Kata, formal training

The original purpose of kata was to teach external and internal concepts of the martial to the practitioners. This is already discussed in other posts at this blog. The difference between kata and katachi is bringing forward different aspects of the formal training in a martial art.

7-hon-no-kuzushi (omote & ura) is a formal exercise found in koryu-no-kata dai yon. Originally, these exercises were taught as a tool to improve “kuzushi” or balance disturbing.

By omitting some of the internal aspect during the performance of tegatana dosa, the content of 7-hon-no-kuzushi became also simplified and abstracted. The focus is on a kind of balance disturbances, mainly inspired by judo kuzushi of Kodokan Judo. The external concept of “kuzushi” is dominant. The internal aspect, especially the winding and unwinding is not highlighted.

7-hon-no-kuzushi, partner exercises with internal aspects

After studying thoroughly “tegatana dosa”, the internal skill of winding and unwinding becomes a familiar one and can be used efficiently in all the partner exercises.

Using Hara (Koshi, Tanden and Yōbu) and Mata

For all of these methods, the momentum needs to flow freely between the shoulders and hips. The torso needs to undulate in order for power to travel unimpeded throughout the entire body. The final position for a given movement will often involve the shoulders being directly over the hips as this alignment optimises the strength of the torso. The waist area needs to be strong and flexible for power to be generated in this way, so the waist should be loose and relaxed. It is often seen in partner exercises, the shoulders have contracted as a result of using the shoulder muscles as the source of power used by the hand and arm.

Mata is the connection between the leg and koshi. This connection is also influencing the passing of energy from the ground to the arm and hand. Using koshi and hara is an internal aspect to produce power needed in the art of kuzushi and has to be introduced into 7-hon-no-kuzushi.

Exercises to develop “mata power”

The power generated using “mata” or “kua (Chinese)” is an action that is hard to explain in words. It involves every part of your body. When you have access to someone who can give you the basics, the following exercises are almost self-explanatory.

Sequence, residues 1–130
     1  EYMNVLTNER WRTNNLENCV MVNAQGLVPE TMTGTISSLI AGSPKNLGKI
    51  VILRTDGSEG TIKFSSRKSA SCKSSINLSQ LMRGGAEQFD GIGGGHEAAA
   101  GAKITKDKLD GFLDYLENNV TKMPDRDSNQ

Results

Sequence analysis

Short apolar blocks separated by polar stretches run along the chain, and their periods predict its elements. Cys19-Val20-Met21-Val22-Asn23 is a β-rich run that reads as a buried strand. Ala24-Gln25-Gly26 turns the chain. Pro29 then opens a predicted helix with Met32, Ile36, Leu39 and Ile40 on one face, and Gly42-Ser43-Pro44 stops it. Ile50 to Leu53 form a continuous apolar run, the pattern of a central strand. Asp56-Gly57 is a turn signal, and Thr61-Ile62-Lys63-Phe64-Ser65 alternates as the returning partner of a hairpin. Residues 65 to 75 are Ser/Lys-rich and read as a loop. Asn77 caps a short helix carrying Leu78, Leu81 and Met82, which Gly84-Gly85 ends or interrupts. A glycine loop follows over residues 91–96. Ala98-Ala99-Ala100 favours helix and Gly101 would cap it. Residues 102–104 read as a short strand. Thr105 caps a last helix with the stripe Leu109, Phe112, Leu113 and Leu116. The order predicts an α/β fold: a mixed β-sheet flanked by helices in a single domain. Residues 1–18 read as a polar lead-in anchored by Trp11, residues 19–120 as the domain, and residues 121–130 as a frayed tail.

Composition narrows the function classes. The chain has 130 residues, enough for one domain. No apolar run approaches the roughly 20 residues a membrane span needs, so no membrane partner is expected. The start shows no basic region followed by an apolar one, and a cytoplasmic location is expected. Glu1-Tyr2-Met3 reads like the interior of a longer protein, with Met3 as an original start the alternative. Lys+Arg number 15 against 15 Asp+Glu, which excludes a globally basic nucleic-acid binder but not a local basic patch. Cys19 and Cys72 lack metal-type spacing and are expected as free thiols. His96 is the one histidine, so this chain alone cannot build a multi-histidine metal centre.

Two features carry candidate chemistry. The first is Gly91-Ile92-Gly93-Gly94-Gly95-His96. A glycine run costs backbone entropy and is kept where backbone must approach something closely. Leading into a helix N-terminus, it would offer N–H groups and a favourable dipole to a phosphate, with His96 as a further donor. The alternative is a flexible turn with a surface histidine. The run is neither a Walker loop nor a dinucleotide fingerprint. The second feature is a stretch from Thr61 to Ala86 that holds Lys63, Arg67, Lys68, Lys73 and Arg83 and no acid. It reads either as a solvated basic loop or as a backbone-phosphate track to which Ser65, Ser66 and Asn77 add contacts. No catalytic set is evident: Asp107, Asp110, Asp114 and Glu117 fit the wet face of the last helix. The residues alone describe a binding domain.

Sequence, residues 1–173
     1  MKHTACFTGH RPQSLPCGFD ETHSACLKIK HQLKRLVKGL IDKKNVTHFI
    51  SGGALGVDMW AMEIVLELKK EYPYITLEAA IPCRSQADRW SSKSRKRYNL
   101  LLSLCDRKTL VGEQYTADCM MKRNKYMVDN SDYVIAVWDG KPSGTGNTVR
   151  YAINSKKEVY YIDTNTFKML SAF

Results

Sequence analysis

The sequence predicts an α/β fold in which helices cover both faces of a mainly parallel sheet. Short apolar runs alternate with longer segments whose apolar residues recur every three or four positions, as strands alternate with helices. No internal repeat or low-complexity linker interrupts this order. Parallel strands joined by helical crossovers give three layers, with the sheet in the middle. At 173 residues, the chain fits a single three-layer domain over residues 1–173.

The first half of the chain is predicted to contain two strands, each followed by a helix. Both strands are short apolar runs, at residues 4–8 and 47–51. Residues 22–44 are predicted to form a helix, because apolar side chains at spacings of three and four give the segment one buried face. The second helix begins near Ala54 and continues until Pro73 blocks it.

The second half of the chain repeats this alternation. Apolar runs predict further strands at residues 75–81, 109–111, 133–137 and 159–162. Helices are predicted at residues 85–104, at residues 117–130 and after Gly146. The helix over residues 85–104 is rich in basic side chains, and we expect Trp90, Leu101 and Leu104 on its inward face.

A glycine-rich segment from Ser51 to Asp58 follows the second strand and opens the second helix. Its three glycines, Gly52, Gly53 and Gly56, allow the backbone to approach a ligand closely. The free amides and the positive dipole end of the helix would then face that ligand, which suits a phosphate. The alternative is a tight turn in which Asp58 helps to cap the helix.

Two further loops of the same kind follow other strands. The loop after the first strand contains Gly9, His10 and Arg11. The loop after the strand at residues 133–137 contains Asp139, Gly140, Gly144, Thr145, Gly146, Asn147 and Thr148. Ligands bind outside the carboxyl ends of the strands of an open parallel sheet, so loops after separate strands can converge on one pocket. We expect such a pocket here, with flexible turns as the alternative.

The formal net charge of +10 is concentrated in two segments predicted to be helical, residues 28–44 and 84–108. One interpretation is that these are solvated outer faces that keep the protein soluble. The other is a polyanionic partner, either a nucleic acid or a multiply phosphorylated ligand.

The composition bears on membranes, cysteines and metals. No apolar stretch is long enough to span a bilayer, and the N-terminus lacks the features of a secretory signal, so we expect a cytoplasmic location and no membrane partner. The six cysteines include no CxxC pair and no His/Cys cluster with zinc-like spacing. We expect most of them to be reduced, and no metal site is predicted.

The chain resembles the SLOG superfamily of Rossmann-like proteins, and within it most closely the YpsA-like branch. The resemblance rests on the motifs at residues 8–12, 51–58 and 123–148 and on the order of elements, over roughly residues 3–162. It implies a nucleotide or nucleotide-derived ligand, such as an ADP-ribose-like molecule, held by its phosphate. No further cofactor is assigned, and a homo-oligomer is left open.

We will cover 4 exercises

  • Vertical forward (oshi taoshi)
  • Vertical backward (hiki taoshi)
  • Horizontal forward (chudan uchi mawashi/gedan soto mawashi)
  • Horizontal reverse (chudan soto mawashi/gedan uchi mawashi)

Exercise 1 – Vertical forward

The inspiration for this exercise comes from 3 other exercises.

  • Pendulum exercise, explained somewhere else in this blog
  • Ik-kyo undo, practised by many aikido styles
  • Tandoku undo tegatana dosa (shomen uchi/shomen tsuki)

Basically, a vertical movement is performed containing 2 actions

  • Lifting the arms up to deflect an incoming attack to the face
  • Dropping action to throw an opponent of controlling

Many other applications use this kind of movements.

Complete sequence

Exercise 2 – Vertical backward

A reverse circle is used to perform this exercise. The inspiration is found in other famous exercises

  • Rowing exercise used by many aikido styles
  • Hiki taoshi application (see BASIC 17 – Hiki taoshi)

Complete sequence

Exercise 3 – Horizontal (chudan uchi mawashi/gedan soto mawashi)

This exercise include uchi mawashi (chudan) and soto mawashi (gedan)

Please refer to 7-hon no kuzushi or to original style of tegatana dosa tandoku undo.

Complete sequence

Exercise 4 – Horizontal reverse (chudan soto mawashi/gedan uchi mawashi)

This exercise include soto mawashi (chudan) and uchi mawashi (gedan).

Please refer to 7-hon no kuzushi or to original style of tegatana dosa tandoku undo.

Complete sequence

Some footage of the “mata” exercises

Haragei, the physical side

Haragei, the art of hara is a concept with a lot of interpretations and is essentially a concept referring mainly in a metaphysical context. There is also a physical aspect when we look at “haragei”. The hara in single words is the part under the diaphragm and consist of “koshi”, “tanden” and “yobu”. In some historical documents written by famous swordmen, the skill of the hara is referred to and even explained how to do it.